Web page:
Installing Unifi v3 on Debian Wheezy

This post is specific to installing the current stable (3.2.1) release of the Unifi controller software on Debian Wheezy.

Edit your sources.list file and add the following line.

deb debian

Add the GPG key

sudo apt-key adv –keyserver –recv C0A52C50

Update your repos

sudo apt-get update

Install the v3 of Unifi

sudo apt-get install unifi-rapid

Note: If you already have v2 installed, you can simply remove unifi and then install unifi-rapid. That will upgrade your current config (at least it did for me).

apt-get install filezilla

I just learned today that my favorite FTP client in Windows is now available for Linux in the form of their upcoming release. I was pretty stoked when I learned of this, because gftp is alright, but it ain’t great. Since I run Debian, I did a simple apt-get install filezilla and wham-o, there it was. The downside of this install is it is beta 2 and Filezilla 3 is currently at beta 5. I may try to compile it myself if the beta 2 gives me any problems.

Update: If you want to install Filezilla from the Deian respositories, you will need to be running Testing(Etch) or Unstable. It is not in the current stable repos.

A weekend of Alphas, Betas and RCs

Over the weekend I installed Ubuntu Edgy Eft Knot 3, OpenSUSE 10.2 Alpha 4, Fedora Core 6 Test 3, and Microsoft Vista RC1. I wanted to also test the latest Debian Etch build and Slackware 11 RC4, but time did not allow.

In the end, the one I left installed the longest was Fedora, in fact it is still running on my main system.

The biggest disappointment: OpenSUSE

Maybe my hopes were just too high for this distro, I’ve really been wanting to try for quite some time, but man, what a let down. Right from the get go it didn’t recognize my mouse properly so I had to go through the entire install using keyboard navigation. Then when the system was finally running I needed to edit the /etc/X11/xorg.conf file but OpenSuse does not install pico or nano by default. I’m not familiar with any other text based editor. So I had to use vim to edit the file. I’ve never used vim, but I found a Redhat Linux 7.2 Unleashed on my shelf that had just enough info on vim for me to be able to edit and save the file. But it still took a lot of trial and error to get the mouse driver configured properly. Once the everything was working I didn’t know really what to do. I’ve never used a SUSE distro before, so I was just a bit lost. I didn’t feel like try to figure it so I just moved on to the Fedora install. I will try it again, but I will wait for the final 10.2 release.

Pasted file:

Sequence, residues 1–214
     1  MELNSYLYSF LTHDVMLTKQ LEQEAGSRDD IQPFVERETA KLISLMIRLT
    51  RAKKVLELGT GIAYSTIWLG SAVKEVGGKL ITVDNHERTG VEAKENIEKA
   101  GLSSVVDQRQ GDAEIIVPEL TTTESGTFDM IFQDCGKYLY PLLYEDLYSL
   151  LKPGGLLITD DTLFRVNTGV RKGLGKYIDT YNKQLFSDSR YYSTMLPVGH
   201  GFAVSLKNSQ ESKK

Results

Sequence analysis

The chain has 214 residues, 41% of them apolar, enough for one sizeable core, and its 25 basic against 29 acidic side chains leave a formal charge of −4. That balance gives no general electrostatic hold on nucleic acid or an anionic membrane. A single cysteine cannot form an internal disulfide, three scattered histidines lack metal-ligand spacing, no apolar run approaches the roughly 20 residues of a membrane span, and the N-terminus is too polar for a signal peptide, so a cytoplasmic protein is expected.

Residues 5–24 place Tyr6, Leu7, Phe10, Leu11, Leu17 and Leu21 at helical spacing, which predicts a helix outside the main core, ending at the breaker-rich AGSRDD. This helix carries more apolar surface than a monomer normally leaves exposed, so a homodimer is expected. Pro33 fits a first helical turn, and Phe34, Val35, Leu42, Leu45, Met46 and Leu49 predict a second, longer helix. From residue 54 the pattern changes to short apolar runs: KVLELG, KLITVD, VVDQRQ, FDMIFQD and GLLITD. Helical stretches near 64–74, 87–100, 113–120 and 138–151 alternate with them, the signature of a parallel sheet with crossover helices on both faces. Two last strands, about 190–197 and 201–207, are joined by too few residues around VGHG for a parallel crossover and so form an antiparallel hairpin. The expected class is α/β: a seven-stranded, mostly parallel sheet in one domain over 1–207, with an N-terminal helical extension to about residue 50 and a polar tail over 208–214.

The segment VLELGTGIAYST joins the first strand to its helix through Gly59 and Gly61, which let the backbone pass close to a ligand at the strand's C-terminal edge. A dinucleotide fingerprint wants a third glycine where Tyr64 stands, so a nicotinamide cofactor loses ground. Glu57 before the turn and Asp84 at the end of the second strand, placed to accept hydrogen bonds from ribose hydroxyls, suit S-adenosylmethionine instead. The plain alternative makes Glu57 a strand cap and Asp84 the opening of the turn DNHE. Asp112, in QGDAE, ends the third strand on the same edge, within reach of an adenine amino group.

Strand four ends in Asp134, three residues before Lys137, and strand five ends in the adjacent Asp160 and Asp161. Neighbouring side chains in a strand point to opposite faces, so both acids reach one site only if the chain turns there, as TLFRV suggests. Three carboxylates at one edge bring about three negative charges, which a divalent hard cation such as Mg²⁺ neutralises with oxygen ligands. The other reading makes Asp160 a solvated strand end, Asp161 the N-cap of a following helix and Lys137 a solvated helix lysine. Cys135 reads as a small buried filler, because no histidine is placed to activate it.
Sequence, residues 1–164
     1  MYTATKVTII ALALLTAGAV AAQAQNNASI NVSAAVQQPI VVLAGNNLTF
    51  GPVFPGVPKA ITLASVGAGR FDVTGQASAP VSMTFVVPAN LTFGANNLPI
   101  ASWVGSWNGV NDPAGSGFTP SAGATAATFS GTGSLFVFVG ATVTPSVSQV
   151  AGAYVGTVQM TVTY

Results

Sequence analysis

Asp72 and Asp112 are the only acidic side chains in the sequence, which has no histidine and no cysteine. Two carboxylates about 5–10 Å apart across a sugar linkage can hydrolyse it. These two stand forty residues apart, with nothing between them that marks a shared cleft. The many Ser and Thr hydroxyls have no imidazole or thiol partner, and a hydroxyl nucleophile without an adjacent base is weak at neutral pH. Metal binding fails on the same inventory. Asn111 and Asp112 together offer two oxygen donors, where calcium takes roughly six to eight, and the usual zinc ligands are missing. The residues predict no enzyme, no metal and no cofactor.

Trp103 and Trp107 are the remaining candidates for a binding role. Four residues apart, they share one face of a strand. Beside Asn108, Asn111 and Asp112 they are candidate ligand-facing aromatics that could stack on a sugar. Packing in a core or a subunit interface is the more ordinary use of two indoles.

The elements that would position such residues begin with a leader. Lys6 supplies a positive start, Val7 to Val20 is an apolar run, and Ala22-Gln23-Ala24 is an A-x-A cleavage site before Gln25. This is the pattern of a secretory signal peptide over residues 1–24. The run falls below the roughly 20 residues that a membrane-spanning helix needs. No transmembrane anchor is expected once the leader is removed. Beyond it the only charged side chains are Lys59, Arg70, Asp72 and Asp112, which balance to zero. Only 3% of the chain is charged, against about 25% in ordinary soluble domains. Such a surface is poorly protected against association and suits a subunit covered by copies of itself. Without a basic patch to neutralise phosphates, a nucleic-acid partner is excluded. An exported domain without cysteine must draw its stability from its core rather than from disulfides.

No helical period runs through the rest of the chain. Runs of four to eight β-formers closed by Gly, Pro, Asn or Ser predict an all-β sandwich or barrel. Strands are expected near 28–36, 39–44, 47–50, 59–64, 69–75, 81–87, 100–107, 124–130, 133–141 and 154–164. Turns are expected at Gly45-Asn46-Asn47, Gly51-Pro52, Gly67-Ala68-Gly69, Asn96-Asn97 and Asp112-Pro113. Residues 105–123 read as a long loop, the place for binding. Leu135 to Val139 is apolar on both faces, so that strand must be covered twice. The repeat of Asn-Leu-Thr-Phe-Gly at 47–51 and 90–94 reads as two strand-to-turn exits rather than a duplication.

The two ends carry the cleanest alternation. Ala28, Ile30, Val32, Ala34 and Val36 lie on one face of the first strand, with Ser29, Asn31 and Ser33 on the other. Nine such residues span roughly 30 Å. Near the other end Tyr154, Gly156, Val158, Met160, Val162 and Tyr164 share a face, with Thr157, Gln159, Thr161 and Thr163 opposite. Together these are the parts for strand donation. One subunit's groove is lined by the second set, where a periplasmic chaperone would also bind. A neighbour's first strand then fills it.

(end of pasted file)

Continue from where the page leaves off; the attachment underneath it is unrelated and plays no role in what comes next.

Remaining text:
Biggest surprise: Windows Vista

While the new upcoming Windows release to me is really no big deal, I was slightly interested to see what we’ll be in for starting early next year. The install was pretty smooth. I don’t know how long it took, as I started the install and left the house for a bit, but it was ready to go when I got back. I was really impressed how well it ran on my computer, I was under the impression that it would be boggy on anything but the most modern equipment. At no point did it ever feel slow. The initial downside, was that the install did not install the NIC driver. This was surprising because my machine has a pretty old, but popular 3com network card. I ended up enabling the onboard NIC which it recognized just fine, then I was able to go to Windows Update and get the driver for the 3com installed. That was the only issue I experienced. I was able to get it connected to my domain with no issues. It will take some getting used to some of the changes but over all it worked well.

Also installed the new alpha release of Ubuntu Edgy Eft. Nothing major to report here. It’s still brown. I did get XGL installed and working but the effects really seemed to weigh down the performance of the computer and even caused it to lock up a few times. That was the first time though I was able to try XGL.

Lastly was was Fedora Core 6 Test 3. I really like the look of this release. Although as I’ve been living in the Ubuntu world for quite a while now, it took some figuring out how to get some stuff installed on this pre-release, such as mp3 support and flash. I did all these installs on Saturday and FC is still installed on my main machine. I also got XGL running here, and runs tens times better than the Ubuntu build. No lock ups or slow downs with it.

What I would really like to see would be Ubuntu with the asthetic stylings of the Fedora Core 6 release. The themes and overall looks of FC6 rock!

Fedora Core 6 Test 3 Screenshot